Source Water

  1. As Climate Change Erodes U.S. Coastlines, An Invasive Plant Could Become An Ally

    Many invasive species are found along U.S. coasts, including fishes, crabs, mollusks, and marsh grasses. Since the general opinion is that invasives are harmful, land managers and communities spend a lot of time and resources attempting to remove them. Often this happens before much is known about their actual effects, either good or bad.

  2. Leaning In To The Challenge Of Climate Change

    Climate change is unfolding right before our very eyes. And for Denver Water it is serious business. Experts in Colorado point to rising temperatures, earlier spring runoff and extreme fire behavior as powerful evidence for climate shifts resulting from the buildup of greenhouse gases tied to power generation, tailpipe emissions and a wide array of additional human activities over decades.

  3. New EPA Citizen Science Quality Assurance Handbook Provides Best Practices For Citizen Science Projects

    For those who are curious about the natural world or have concerns about environmental issues such as air pollution or water quality, there are more and more opportunities to collect and report data to the public or government agencies. Using new technologies, it is easier than ever to collect, analyze, and report environmental data.

  4. When Water Is Scarce, We Can't Afford To Neglect The Alternatives To Desalination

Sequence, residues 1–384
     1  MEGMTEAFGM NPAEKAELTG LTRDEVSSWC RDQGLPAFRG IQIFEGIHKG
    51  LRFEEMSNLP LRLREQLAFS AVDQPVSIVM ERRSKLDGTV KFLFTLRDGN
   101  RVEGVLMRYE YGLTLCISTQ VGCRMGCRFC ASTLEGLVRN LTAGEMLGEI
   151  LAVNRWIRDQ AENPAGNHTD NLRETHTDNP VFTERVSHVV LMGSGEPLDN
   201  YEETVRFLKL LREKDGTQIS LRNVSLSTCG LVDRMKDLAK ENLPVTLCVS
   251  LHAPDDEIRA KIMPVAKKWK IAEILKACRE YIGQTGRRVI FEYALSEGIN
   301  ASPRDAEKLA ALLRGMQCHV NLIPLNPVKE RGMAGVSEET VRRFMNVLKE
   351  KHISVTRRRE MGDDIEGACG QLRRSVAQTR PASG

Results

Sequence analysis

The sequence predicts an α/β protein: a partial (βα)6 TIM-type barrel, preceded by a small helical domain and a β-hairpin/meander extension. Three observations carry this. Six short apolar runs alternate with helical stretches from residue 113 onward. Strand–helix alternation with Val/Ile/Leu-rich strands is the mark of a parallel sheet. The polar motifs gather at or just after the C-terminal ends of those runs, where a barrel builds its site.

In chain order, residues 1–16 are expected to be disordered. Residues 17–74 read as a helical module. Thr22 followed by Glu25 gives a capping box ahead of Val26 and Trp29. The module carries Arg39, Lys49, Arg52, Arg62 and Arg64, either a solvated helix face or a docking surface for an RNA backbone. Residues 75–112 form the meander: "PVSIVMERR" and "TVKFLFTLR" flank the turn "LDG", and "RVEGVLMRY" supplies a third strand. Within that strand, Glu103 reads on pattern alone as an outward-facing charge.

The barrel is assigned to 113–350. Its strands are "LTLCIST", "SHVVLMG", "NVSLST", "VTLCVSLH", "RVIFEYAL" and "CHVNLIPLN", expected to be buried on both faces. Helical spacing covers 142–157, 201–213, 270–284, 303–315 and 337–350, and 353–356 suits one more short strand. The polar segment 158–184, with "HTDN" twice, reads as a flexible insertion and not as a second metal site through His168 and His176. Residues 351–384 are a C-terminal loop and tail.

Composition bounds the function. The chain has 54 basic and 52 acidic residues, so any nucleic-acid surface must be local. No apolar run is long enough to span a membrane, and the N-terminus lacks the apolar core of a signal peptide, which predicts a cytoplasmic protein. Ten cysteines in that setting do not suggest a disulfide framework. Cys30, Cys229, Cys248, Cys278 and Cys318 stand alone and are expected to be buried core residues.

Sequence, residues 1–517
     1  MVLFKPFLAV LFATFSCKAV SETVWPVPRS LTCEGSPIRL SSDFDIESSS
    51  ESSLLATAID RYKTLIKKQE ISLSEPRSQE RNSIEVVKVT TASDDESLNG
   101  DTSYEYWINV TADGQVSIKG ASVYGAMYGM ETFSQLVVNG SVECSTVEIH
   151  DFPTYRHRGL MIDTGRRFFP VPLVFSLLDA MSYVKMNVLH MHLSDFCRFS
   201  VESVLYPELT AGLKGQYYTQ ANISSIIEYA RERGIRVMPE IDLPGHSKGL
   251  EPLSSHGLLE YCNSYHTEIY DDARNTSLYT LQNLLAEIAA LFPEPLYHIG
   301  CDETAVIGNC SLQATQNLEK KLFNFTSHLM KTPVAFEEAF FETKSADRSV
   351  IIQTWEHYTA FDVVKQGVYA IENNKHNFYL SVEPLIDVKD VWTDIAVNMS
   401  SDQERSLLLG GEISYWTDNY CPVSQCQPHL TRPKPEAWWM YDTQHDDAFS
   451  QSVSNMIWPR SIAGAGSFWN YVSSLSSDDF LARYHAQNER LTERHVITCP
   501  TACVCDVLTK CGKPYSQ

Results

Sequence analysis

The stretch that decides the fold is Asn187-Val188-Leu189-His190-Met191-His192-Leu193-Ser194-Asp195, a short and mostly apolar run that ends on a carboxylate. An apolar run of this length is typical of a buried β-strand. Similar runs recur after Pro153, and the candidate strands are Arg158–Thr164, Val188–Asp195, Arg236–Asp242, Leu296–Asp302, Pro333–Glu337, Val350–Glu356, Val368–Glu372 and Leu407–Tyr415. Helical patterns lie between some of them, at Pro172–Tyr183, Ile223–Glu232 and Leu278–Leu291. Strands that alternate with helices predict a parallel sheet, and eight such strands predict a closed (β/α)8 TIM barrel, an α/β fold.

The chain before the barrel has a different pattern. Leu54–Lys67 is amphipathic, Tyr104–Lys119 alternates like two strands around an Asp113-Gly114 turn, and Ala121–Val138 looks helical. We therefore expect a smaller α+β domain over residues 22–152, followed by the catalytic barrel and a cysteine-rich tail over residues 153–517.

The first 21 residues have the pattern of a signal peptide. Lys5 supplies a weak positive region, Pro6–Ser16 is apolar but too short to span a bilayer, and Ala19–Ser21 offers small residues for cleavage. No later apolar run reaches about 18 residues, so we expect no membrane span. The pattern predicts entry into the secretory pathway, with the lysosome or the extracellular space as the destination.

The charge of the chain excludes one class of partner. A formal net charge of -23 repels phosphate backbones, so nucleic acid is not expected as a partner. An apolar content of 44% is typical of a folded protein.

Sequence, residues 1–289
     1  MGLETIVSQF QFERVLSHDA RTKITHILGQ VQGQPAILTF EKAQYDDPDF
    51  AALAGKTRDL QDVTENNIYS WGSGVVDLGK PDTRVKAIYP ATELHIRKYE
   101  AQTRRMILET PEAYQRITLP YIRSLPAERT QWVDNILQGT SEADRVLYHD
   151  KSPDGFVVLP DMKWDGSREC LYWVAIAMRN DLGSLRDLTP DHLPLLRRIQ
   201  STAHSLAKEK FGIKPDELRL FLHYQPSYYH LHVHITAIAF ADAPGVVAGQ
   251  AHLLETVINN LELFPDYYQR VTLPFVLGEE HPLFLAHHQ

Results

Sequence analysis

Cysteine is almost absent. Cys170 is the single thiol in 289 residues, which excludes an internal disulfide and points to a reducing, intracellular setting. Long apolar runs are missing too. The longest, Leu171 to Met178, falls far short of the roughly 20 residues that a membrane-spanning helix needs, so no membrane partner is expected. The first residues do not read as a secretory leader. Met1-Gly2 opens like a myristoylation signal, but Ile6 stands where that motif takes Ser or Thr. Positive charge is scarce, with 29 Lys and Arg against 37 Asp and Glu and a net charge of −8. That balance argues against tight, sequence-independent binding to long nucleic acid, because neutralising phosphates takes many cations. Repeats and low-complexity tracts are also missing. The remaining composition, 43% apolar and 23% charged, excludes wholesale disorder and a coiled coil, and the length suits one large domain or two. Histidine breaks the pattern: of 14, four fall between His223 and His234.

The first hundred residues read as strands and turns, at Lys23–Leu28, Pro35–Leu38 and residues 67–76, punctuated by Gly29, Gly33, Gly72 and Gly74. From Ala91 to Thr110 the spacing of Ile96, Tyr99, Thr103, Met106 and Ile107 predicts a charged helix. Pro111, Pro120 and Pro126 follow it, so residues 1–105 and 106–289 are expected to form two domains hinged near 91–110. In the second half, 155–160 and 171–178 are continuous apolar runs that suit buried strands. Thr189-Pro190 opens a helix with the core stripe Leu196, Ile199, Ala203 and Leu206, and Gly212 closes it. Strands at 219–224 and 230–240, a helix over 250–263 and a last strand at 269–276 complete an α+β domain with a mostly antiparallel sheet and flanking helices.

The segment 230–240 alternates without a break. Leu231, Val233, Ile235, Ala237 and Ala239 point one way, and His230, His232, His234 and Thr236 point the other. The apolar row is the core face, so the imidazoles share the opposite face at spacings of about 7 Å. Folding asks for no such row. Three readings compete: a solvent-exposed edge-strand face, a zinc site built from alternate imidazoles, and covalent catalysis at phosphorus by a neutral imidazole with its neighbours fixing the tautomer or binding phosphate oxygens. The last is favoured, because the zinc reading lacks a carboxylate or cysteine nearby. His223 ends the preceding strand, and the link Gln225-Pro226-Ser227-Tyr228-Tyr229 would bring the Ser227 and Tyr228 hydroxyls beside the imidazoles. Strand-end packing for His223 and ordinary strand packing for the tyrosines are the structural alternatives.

This is the second of two articles looking at the increasing reliance of Australian cities on desalination plants to supply drinking water, with less emphasis on the alternatives of water recycling and demand management. So what is the best way forward to achieve urban water security?

  5. Wastewater Is An Asset — It Contains Nutrients, Energy And Precious Metals, And Scientists Are Learning How To Recover Them

    Most people think as little as possible about the wastewater that is produced daily from their showers, bathtubs, sinks, dishwashers and toilets. But with the right techniques, it can become a valuable resource.

  6. Serving The Mandate Of World Water Day

    The UN’s Sustainable Development Goals (SDGs) have shined new light on steps that must be taken to safeguard our world’s critical resources. Addressing everything that impacts the health and economic growth of communities, the SDGs embed sustainability in the global consciousness and offer nations a roadmap for tackling the key challenges of our time.

  7. How Tech Can Conserve And Improve Access To Water

    As South Africa commemorates National Water Week from March 17 to 23 to highlight the scarcity of this vital resource, municipalities and utilities around the country are increasingly turning to technology to help them with both conservation and expanding accessibility to more communities.

  8. EPA's Plan To Regulate Chemical Contaminants In Drinking Water Is A Drop In The Bucket

    After more than a year of community meetings and deliberations, the U.S. EPA announced in February 2019 that it would begin the process of regulating two drinking water contaminants, seeking to stem a growing national public health crisis. If EPA follows through, this would be the first time in nearly 20 years that it has set an enforceable standard for a new chemical contaminant under the Safe Drinking Water Act.

  9. Cities Turn To Desalination For Water Security, But At What Cost?

    Removing salts and other impurities from water is really difficult. For thousands of years people, including Aristotle, tried to make fresh water from sea water. In the 21st century, advances in desalination technology mean water authorities in Australia and worldwide can supply bountiful fresh water at the flick of a switch.

  10. Why Big Storms And Deep Snows Don’t Always Equal Full Reservoirs

    There’s a lot of attention paid to Colorado’s high country through the winter months.